There are many designers who will tell you to take as many jobs as possible when you’re first starting out, and there is a serious element of truth to this idea. In the beginning, no job is below you. But, if you’re suddenly swamped by job requests, you need to think critically about what you take on.
Similar to the way your clients hire you, you need to consider what kind of clients you want to work for. Clients who are searching for your special, niche talents are valuable because their projects serve some of your needs, too. If you’re mutually excited about the project, the process and end product will turn out way better than you could have imagined.
4. Maintain relationships
Word of mouth is a great way to continue that steady stream of freelancing gigs. Maintaining positive relationships with past and present clients is key to making sure your reputation continues to be stellar. Simple tricks like sending thank you notes at the end of a job, regularly checking in with larger clients who might need more work in the future, or creating room for open dialogue and positive communication during a job can make all the difference.
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5. Know your limits
Balancing freelancing gigs with a full-time job means burnout is always around the corner. Don’t make the rookie mistake of completely running yourself into the ground. Realize you also need to make time for yourself and that trying to balance too many things can actually lower your productivity. That amazing client you’ve been dying to work with could be just around the corner, and you never want to be too tired, sick, or busy to take them on.
Sticking to an exercise routine, eating healthy, or even practicing mindfulness will not only help you manage burnout, but build towards success.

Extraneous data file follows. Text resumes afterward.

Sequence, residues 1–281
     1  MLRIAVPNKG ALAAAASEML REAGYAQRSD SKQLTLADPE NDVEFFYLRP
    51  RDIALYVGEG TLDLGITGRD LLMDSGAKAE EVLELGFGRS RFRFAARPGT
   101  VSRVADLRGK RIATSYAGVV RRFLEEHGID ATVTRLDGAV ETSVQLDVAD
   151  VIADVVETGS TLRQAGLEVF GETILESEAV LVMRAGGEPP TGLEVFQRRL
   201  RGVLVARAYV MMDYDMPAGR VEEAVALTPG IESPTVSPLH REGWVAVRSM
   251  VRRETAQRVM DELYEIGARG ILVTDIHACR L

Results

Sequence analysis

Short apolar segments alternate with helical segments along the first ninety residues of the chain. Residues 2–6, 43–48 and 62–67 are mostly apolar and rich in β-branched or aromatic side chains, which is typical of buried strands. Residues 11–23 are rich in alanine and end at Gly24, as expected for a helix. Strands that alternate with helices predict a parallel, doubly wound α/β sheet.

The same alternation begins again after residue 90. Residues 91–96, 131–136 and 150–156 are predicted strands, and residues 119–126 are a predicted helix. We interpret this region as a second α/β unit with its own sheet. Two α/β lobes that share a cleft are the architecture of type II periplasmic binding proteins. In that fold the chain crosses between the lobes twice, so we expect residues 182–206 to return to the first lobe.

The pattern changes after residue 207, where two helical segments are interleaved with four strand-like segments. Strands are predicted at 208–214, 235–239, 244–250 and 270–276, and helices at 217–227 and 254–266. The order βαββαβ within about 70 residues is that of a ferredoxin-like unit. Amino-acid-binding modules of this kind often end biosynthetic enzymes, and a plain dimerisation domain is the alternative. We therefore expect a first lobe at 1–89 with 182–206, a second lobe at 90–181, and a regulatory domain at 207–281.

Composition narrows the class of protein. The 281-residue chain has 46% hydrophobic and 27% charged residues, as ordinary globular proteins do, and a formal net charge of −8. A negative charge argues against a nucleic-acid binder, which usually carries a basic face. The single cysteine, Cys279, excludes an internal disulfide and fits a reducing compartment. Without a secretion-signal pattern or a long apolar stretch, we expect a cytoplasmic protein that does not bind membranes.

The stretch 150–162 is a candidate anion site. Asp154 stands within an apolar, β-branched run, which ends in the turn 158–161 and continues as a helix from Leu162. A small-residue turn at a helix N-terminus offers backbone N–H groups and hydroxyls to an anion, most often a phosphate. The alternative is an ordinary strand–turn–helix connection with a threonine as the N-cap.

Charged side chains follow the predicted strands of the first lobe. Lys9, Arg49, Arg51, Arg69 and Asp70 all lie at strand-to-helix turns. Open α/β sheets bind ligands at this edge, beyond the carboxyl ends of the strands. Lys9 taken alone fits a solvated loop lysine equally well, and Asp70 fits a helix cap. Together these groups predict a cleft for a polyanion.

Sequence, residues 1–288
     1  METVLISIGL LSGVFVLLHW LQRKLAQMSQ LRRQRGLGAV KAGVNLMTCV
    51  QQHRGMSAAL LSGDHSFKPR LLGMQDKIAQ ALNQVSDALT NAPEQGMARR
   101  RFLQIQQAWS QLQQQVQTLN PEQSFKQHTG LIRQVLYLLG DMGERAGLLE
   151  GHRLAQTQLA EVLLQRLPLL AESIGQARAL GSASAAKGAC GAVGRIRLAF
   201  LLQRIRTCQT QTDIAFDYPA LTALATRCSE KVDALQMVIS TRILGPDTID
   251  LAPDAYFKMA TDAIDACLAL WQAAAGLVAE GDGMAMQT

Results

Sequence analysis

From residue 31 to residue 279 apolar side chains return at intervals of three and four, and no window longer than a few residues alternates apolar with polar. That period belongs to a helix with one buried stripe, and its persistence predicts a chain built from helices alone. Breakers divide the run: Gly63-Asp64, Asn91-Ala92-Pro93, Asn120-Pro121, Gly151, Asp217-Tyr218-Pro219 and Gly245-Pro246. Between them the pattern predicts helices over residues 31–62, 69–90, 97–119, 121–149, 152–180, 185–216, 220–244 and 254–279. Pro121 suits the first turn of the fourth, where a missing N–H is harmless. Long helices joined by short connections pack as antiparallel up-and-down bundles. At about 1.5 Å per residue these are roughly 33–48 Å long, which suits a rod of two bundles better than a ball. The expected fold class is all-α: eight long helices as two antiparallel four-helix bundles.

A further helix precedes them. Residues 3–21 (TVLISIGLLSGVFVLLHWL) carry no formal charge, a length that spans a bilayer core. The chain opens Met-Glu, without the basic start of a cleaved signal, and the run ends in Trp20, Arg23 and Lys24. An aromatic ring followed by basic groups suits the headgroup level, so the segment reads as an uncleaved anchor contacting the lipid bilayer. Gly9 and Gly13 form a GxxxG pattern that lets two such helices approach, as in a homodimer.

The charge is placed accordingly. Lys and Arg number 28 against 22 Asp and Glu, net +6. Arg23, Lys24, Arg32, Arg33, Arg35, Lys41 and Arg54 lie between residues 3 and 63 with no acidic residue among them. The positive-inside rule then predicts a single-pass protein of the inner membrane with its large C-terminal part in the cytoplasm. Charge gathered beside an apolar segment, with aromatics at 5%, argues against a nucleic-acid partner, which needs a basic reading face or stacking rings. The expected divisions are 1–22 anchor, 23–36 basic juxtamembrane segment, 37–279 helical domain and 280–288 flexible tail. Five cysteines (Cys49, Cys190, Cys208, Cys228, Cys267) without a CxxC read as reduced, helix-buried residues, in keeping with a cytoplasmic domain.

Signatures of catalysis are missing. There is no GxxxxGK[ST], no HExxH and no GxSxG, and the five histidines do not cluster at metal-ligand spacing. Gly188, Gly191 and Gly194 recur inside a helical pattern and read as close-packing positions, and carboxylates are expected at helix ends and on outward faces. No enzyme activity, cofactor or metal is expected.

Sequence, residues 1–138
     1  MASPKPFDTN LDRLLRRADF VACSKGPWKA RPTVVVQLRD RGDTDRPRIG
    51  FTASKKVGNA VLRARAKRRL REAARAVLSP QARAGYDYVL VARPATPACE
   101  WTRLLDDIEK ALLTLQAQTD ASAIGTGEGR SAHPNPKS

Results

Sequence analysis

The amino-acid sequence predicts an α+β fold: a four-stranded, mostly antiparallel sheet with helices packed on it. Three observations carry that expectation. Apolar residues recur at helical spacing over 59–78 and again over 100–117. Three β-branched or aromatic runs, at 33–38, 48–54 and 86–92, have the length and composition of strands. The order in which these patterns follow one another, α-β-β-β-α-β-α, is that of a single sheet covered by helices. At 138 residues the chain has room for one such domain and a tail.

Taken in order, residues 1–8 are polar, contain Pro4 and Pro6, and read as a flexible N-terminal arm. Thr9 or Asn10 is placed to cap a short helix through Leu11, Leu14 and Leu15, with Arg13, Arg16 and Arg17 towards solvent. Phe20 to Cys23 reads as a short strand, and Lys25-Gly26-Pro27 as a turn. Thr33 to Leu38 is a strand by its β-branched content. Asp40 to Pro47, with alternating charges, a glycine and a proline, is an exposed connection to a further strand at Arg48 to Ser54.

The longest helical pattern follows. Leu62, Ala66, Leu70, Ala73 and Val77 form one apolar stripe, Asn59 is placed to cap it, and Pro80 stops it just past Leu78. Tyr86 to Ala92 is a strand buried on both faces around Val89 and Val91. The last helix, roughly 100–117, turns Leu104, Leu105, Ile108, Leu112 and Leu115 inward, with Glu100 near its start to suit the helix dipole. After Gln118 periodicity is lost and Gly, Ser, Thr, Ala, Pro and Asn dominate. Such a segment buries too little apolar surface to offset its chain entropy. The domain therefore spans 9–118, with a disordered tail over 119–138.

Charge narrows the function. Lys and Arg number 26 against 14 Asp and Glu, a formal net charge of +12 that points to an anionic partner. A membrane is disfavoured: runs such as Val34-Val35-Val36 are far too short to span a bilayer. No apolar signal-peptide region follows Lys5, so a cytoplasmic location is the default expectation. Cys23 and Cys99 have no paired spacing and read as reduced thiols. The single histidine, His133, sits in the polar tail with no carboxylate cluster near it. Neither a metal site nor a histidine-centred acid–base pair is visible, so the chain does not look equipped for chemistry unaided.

When balancing work and freelance, communication is key.
Some clients might believe that because you’re a freelancer, they can have access to you 24 hours a day, seven days a week. Nip that in the bud right away by explaining your work situation and setting some ground rules in advance of starting a new project.
Explain to potential clients when they can expect to hear from you, when you’re able to read and reply to emails, and when you’ll be offline. During projects, make sure you communicate clearly about expectations and when you believe something will be done, and offer plenty of updates. The more you leave the door open for communication, the better overall experience your client will have.
7. Taxes, taxes, taxes
Just because you’ve got that cushy nine-to-five doesn’t mean you can’t get nailed for improperly filing taxes for your side gig. This can get tricky depending on where you live, but the overarching idea is that you need to be well-organized. Keep any receipts or invoices, track how much you’re being paid per project, and know any business expenses you can deduct.
Also, it’s helpful if you put aside a chunk of change from each paycheque for tax purposes so that you’re not steamrolled come tax season. Full-time freelancers, or those heading in that direction, should further contribute to an RRSP or 401(k) (saving for your future, even if it’s a virtual one, is important).
TurboTax has lots of advice for freelancing Canucks, while Crunch focuses specifically on helping freelancing Brits with their accounting and finances. Americans shouldn’t wait until spring to realize how taxing figuring out deductions can be.
These are just a few ideas to help you get started on your road to becoming a freelancing ninja. Good luck!